Srimoyee Bhattacharya was terrified to see her reflection in the mirror. She screamed, broke open the sensors and left. Minutes earlier, when she had entered the dark cubicle at the Goethe-Institut in Kolkata, she had no idea that she would be getting inside the body of a giant insect or be teleported to 1915 Prague through virtual reality (VR).
Her 13-year-old son giggles as she speaks about her experience as Gregor Samsa, one of Franz Kafka’s most celebrated characters from his short story, The Metamorphosis. The story starts with Samsa waking up in his room, transformed into an insect grappling with his new reality, much like Bhattacharya herself. “I had read the story as a teenager and was excited to experience virtual reality, but transforming into a giant bug was something I could not have fathomed," she says, having found her bearings again.
This September, Kolkata had its first official brush with VR at the Goethe-Institut, where American film-maker Mika Johnson installed his project VRWandlung /Metamorphosis VR, based on Kafka’s short story from 1915. The installation, which opened in January 2018 in Prague, is the brainchild of Johnson and producer Shahid Gulamali. It has toured 34 cities and is now passing through four cities in India.
The idea is to regenerate interest in Kafka’s text. Unlike other mediums, the immersion through VR becomes more relatable as one transforms into Samsa, who himself has transformed into an insect.
Johnson has used the medium for the first time and it comes with its challenges. “In cinema, storytelling is done in the editing room—lighting, acting, costumes and camera angles come together to tell the story. But in VR your engagement creates the story arc. When you stand in front of the mirror in Samsa’s bedroom, you are at the centre of the drama. The way you navigate that is entirely up to you," he says.
Three teams worked separately for six months during the production, and techniques from classic Czech puppetry were used to design the project. Czech animators Ondrej Slavic and Vojtěch Kiss created a small-scale model of Samsa’s bedroom with over 400 objects made by hand; this was then photographed in 360 degrees at a studio. The room was reconstructed in 3D and each object was coloured based on the photographs. A second team concentrated on the body movements of the insect using robotic techniques based on tracking sensors. Finally, a team of actors worked on the narrative in Czech, German and English.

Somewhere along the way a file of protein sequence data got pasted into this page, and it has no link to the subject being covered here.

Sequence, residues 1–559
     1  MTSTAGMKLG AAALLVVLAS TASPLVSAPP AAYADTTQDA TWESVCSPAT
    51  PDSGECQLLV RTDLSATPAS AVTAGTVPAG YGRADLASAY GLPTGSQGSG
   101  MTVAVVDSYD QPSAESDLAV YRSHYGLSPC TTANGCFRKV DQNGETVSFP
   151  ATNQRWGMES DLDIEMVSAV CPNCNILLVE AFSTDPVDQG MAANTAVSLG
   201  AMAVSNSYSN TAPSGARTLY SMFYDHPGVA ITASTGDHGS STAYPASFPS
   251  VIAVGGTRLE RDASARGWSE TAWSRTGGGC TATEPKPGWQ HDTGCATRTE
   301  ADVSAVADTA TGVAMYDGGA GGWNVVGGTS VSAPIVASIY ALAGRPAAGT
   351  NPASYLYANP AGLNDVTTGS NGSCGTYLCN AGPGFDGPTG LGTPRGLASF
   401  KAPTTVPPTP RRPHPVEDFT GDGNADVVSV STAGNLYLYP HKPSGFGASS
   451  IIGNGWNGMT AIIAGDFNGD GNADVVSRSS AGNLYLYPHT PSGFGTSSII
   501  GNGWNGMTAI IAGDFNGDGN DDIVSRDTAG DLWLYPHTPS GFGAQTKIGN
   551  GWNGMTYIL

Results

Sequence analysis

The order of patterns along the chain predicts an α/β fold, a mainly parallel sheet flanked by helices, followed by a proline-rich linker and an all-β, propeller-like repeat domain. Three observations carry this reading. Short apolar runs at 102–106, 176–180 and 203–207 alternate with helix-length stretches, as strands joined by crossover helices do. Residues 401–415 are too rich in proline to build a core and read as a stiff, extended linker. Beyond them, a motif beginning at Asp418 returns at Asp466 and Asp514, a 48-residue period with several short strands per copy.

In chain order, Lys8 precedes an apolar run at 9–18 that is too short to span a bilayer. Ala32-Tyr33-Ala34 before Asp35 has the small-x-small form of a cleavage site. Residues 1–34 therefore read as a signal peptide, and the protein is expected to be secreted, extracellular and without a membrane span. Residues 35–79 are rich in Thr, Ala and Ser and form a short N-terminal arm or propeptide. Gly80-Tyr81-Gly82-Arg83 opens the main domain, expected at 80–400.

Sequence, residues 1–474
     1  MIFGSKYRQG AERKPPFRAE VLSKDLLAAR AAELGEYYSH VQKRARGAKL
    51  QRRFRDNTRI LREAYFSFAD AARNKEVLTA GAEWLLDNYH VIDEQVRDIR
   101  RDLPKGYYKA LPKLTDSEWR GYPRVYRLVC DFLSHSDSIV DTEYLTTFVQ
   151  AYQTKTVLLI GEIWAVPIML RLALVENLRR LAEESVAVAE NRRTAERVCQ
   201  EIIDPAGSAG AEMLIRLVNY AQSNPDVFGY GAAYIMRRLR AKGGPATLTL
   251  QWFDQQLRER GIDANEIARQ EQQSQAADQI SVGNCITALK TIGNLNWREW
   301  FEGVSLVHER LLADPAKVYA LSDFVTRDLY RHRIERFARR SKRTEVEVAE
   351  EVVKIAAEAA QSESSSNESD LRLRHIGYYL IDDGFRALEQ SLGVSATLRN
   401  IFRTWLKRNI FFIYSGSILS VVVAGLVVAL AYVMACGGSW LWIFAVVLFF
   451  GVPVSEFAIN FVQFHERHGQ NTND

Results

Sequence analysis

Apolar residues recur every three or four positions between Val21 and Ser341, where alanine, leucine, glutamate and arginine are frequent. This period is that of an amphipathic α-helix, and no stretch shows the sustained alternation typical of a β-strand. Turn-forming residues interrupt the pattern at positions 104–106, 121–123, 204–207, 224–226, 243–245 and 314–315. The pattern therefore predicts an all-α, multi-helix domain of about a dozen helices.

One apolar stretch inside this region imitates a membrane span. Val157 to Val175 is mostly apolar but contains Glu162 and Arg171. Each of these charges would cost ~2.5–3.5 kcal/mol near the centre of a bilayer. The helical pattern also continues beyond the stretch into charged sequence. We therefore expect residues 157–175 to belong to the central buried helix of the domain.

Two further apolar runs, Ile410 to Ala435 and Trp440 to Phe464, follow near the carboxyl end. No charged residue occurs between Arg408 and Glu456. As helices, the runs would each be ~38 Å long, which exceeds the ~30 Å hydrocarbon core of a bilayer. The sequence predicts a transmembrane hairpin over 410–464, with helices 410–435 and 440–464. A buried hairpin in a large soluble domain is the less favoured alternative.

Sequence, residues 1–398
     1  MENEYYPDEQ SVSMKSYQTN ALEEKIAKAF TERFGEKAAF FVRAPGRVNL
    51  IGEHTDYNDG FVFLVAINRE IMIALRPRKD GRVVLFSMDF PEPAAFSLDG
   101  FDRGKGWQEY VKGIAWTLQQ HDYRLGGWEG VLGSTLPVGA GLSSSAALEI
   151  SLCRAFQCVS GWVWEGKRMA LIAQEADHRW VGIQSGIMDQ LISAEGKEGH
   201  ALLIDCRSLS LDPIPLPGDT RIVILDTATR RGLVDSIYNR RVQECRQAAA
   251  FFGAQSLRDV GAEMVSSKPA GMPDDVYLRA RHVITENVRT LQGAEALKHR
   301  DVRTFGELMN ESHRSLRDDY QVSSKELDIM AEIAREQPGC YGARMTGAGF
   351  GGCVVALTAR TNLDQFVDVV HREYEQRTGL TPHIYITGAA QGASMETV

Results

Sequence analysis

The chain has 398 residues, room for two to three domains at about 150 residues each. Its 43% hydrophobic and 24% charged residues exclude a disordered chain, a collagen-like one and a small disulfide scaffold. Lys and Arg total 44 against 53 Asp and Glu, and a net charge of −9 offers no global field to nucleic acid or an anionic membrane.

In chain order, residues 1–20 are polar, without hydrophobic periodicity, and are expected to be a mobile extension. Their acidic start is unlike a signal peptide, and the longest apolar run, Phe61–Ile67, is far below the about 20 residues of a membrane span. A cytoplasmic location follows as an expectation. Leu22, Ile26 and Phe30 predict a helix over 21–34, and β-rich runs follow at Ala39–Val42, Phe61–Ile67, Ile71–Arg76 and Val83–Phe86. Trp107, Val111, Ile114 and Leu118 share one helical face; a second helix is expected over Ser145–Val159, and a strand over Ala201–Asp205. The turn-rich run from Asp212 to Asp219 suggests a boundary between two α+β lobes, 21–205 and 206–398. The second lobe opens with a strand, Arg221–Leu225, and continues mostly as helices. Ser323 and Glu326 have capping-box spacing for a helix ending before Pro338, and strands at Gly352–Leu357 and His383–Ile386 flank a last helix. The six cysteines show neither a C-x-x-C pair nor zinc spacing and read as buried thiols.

The Metamorphosis VR also has a fascinating embedded narrative. Johnson stumbled upon Kafka’s bedroom from 1912, and it was identical to the layout of Samsa’s room in the story. Johnson saw this as an opportunity to layer the experience with key biographical details from Kafka’s own life. For instance, one of the drawers features a photo of the author’s best friend, Max Brod, with a fictional letter from Kafka’s The Trial. The framed photograph on Samsa’s wall is based on Kafka’s own lovers. “It’s kind of a shrine to him. The more you would know about him, the deeper you could go into the layers which we have hidden," says Johnson.
VRWandlung is funded by the Goethe-Institut, Prague. It will be shown in Mumbai between 10-13 October and 18-21 October, and in Bengaluru in November.
Jennifer Kishan is a Kolkata-based writer and photographer.